In the present manuscript, we have analyzed the 6S RNA-encoding genes of Bacillus genus bacteria and their gene organization. Bacillus genus bacteria usually contain two different 6S RNA-encoding genes of ssrSA and ssrSB (Supplementary Tables S4–S6). However, unlike other Bacillus genus bacteria that have these two genes located in different regions of the genome, the two 6S RNA-encoding genes of B. cereus group bacteria were located in tandem positions. Furthermore, we also verified that they were in the same operon and are transcribed together. The ssrSA and ssrSB genes of B. cereus group bacteria are located between the genes encoding thiocyanase and glutathione spermidine synthase. The former is related to the detoxification of exogenous toxins while the latter involved in the resistance to stress such as oxidation (Supplementary Table S4). Other than the B. cereus group, there is also a B. subtilis group bacteria composed of more than 20 important bacteria species, such as, B. subtilis, Bacillus licheniformis, Bacillus pumilus, Bacillus velezensis, and Bacillus amyloliquefaciens in Bacillus genus (Caulier et al., 2019; Fayad et al., 2019). Unlike the B. cereus group bacteria, the ssrSA gene of B. subtilis group bacteria was mainly located between the FMN-dependent NADH-azoreductase and DNA helicase RecQ encoding genes. The former is related to the detoxification of exogenous toxins, while the latter is linked with DNA repair, recombination, and replication. The ssrSB gene, on the other hand, was mainly located between the aspartate-tRNA ligase and tRNA threonylcarbamoyladenosine dehydratase, both of which were associated with protein translation (Supplementary Table S5). Among Bacillus genus bacteria excluding B. cereus group and B. subtilis group, only the aspartate-tRNA ligase encoding gene locus upstream of the ssrSB gene was relatively conservative (Supplementary Table S6).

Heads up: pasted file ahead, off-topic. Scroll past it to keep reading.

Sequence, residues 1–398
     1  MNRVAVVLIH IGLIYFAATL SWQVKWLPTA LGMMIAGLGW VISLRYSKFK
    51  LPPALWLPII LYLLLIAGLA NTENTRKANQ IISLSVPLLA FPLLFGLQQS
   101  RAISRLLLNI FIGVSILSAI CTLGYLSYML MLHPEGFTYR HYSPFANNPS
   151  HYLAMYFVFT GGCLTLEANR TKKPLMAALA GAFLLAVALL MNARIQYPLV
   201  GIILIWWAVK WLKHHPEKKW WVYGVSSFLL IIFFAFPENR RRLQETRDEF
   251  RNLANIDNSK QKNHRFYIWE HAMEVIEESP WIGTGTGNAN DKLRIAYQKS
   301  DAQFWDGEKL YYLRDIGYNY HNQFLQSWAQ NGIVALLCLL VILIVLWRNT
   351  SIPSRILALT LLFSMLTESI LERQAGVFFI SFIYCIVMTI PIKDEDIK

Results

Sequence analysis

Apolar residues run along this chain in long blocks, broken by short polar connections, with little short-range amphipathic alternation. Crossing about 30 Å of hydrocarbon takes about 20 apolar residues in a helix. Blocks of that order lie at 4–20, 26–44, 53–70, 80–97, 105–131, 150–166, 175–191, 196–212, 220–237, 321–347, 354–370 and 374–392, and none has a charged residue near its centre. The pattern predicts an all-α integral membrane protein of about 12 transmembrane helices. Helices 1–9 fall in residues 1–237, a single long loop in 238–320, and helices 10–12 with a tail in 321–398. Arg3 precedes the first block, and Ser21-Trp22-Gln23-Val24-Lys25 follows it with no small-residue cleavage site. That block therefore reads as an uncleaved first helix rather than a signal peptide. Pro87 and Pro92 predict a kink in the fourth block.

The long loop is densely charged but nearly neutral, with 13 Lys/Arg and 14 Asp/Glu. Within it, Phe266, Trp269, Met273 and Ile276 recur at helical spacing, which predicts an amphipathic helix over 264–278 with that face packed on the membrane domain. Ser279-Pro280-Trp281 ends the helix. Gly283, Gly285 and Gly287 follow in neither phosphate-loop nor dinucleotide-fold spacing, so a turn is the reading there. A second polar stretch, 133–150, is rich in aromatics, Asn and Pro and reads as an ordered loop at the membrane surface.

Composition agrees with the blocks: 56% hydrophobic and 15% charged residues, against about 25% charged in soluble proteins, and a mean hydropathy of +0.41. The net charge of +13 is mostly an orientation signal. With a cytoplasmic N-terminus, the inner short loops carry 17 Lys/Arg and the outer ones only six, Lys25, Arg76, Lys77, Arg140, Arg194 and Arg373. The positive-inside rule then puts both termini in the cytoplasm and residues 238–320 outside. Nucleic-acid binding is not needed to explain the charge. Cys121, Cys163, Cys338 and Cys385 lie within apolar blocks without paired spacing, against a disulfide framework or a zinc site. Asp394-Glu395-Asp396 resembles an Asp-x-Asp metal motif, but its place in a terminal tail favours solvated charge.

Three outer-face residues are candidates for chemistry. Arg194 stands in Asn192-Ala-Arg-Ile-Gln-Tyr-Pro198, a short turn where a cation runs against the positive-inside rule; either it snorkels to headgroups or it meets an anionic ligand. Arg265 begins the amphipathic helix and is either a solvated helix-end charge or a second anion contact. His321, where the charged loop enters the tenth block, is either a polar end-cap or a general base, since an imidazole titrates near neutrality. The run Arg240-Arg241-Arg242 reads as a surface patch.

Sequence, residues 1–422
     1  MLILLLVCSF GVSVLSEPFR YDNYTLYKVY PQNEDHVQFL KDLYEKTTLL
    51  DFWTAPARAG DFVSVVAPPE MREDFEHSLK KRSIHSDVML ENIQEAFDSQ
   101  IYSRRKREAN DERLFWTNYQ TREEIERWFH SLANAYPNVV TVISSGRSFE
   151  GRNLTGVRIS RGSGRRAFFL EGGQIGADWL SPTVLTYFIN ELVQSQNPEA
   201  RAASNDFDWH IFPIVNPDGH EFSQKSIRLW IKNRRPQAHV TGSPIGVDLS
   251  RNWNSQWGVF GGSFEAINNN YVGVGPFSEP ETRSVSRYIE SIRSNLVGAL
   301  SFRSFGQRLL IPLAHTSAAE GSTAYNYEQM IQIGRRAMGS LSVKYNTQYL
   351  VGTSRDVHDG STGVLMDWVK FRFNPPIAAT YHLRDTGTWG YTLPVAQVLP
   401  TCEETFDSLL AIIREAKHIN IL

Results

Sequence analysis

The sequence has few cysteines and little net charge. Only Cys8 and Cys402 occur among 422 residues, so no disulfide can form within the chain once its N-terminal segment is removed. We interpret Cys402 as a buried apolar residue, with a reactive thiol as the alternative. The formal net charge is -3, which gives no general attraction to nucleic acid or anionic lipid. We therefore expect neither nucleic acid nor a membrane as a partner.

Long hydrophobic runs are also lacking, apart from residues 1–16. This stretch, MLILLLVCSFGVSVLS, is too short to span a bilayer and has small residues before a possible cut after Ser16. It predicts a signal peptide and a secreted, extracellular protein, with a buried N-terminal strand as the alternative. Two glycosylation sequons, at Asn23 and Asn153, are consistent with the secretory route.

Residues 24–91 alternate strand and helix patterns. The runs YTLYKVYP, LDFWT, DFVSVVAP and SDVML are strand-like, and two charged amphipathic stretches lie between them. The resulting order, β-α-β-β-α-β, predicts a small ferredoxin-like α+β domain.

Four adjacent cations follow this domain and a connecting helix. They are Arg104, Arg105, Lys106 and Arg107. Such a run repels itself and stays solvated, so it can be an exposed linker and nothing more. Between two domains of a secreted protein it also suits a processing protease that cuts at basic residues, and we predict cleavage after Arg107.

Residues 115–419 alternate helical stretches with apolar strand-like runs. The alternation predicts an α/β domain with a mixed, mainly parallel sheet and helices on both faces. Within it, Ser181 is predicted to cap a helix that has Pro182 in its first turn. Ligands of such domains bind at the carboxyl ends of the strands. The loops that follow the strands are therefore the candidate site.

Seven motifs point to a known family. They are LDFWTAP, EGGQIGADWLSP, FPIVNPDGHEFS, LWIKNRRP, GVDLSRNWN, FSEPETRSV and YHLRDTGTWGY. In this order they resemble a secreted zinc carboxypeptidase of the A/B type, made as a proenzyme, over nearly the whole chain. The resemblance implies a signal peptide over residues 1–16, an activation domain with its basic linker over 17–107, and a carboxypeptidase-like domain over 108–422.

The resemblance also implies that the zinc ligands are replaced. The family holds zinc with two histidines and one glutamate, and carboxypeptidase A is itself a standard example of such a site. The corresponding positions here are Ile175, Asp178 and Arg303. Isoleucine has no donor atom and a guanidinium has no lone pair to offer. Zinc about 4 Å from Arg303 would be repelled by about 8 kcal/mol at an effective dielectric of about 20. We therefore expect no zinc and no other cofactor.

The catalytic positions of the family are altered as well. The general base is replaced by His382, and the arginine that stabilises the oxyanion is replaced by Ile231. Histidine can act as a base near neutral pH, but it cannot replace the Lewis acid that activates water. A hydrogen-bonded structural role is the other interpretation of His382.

The 6S RNAs in B. cereus group bacteria were quite different to those of B. subtilis group bacteria regarding their gene organization, which might lead to their differences in sporulation. For example, in B. subtilis, deletion of 6S-1 RNA accelerates the utilization of nutrients, leading to the early arrival of nutrient deprivation conditions, which in turn induces the earlier expression of key early sporulation-related genes, ultimately promoting the earlier sporulation (Wassarman, 2018), while deletion of 6S-1 RNA in B. thuringiensis resulted in suppression of sporulation. In order to explore its possible regulatory mechanism, we have determined the transcriptomes of BMB171 and ΔssrSAB in the stationary phase. After analyses, we found that the transcription levels of sporulation-related genes did not change significantly between BMB171 and ΔssrSAB (Supplementary Table S2), indicating that 6S RNA does not affect sporulation by directly regulating the temporal expression of sporulation-related genes. Moreover, the experiments of decoyinine-induced sporulation in the logarithmic phase (Figure 6) and RT-qPCR detection of the transcription levels of key early sporulation-related genes (Supplementary Figure S4) further proved this conclusion. Since there is no available transcriptomic data from the 6S-1 RNA deletion in B. subtilis, we are currently unable to compare the 6S-1 RNA regulatory mechanisms between the two bacteria in a more comprehensive way. Altogether, the 6S RNAs of B. subtilis group and B. cereus group bacteria exhibited different gene organization and physiological functions, indicating that 6S RNAs might regulate the biological functions of B. subtilis group and B. cereus group bacteria via different mechanisms.